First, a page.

Enrollment has plummeted at Oaksterdam University, the Oakland college that since 2007 has attracted 15,000 students to study cannabis cultivation and related careers, while boosting commerce in one of America’s most pot-friendly cities.
Oaksterdam’s enrollment began falling as some California cities seemed oversaturated with cannabis businesses. The number of students dropped sharply last fall when U.S. attorneys began sending seizure notices to dispensary landlords and threatening cultivators. The prosecutors claimed California’s marijuana industry – supposedly nonprofit – had been “hijacked by profiteers” operating in violation of both state and federal law.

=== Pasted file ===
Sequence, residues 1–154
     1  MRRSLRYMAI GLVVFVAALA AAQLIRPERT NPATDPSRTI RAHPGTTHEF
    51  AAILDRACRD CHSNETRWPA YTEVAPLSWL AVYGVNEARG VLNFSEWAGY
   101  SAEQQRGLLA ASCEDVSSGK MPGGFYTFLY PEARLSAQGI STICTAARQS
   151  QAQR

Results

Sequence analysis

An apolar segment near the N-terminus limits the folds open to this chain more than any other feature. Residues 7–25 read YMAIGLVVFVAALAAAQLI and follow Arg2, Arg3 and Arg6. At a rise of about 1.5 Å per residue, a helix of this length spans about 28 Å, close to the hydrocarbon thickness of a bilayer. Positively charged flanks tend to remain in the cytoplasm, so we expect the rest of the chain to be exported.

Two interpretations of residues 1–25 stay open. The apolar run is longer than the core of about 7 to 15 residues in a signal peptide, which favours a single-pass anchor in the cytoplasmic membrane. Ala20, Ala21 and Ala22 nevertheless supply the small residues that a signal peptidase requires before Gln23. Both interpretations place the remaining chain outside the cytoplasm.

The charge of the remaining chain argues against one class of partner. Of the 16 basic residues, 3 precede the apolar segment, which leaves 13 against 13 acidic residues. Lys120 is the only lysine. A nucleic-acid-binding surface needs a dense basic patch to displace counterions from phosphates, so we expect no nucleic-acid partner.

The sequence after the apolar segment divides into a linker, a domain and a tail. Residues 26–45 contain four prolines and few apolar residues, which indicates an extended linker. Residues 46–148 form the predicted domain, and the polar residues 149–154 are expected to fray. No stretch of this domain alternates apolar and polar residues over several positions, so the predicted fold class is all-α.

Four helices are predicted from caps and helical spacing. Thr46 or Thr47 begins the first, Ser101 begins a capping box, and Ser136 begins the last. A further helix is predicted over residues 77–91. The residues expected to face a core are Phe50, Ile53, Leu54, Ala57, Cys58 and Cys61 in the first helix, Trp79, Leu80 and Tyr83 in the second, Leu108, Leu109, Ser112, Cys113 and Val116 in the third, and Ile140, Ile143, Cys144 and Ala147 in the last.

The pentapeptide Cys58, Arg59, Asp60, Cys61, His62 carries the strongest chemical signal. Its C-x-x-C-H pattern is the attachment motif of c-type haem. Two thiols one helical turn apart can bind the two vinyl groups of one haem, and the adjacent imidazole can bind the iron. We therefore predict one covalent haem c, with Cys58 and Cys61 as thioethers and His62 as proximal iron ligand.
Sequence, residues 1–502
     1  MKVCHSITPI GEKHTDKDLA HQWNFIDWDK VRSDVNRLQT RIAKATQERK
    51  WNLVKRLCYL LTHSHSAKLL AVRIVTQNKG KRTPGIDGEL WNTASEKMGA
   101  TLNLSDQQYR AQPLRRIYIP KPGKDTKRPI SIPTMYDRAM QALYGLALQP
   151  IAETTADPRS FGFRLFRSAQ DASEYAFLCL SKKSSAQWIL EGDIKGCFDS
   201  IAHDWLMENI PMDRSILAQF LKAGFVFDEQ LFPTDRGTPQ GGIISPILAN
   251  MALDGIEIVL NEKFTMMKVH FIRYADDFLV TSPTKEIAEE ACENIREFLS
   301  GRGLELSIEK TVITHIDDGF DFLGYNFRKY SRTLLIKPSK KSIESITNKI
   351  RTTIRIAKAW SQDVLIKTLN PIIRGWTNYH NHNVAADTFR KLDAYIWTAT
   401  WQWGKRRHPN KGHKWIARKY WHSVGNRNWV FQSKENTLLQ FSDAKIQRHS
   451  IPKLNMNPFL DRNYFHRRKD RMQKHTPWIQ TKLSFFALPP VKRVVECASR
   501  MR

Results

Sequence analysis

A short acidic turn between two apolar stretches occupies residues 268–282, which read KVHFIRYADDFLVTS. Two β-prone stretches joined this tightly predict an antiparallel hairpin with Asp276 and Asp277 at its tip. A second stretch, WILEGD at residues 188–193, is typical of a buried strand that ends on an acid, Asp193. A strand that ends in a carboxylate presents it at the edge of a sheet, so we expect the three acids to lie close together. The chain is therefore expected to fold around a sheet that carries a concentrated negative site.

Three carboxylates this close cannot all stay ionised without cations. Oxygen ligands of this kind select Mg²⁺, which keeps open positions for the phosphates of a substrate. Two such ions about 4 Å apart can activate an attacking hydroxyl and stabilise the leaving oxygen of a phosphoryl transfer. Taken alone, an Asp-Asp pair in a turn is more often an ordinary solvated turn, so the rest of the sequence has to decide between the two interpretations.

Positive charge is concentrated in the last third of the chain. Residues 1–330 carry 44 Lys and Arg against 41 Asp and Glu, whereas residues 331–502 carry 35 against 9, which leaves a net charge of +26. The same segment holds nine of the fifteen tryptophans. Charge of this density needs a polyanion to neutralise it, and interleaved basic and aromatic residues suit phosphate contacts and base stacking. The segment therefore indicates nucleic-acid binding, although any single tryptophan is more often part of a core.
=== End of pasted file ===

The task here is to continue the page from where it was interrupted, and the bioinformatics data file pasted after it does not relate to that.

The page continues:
Oaksterdam once ran seven classes, each with 70 students paying $700 to $800 a semester. Now, it has one class of 50. Introductory two-day weekend programs and advanced seminars in how to run dispensaries draw about half the peak attendance of 120 students.
The nice thing about education is, short of a brain injury or illness, nothing can take it away. Perhaps the remaining students will be more concerned with the plant and the politics than the profits and the next wave of graduates helps build the momentum for legalization for all consumers.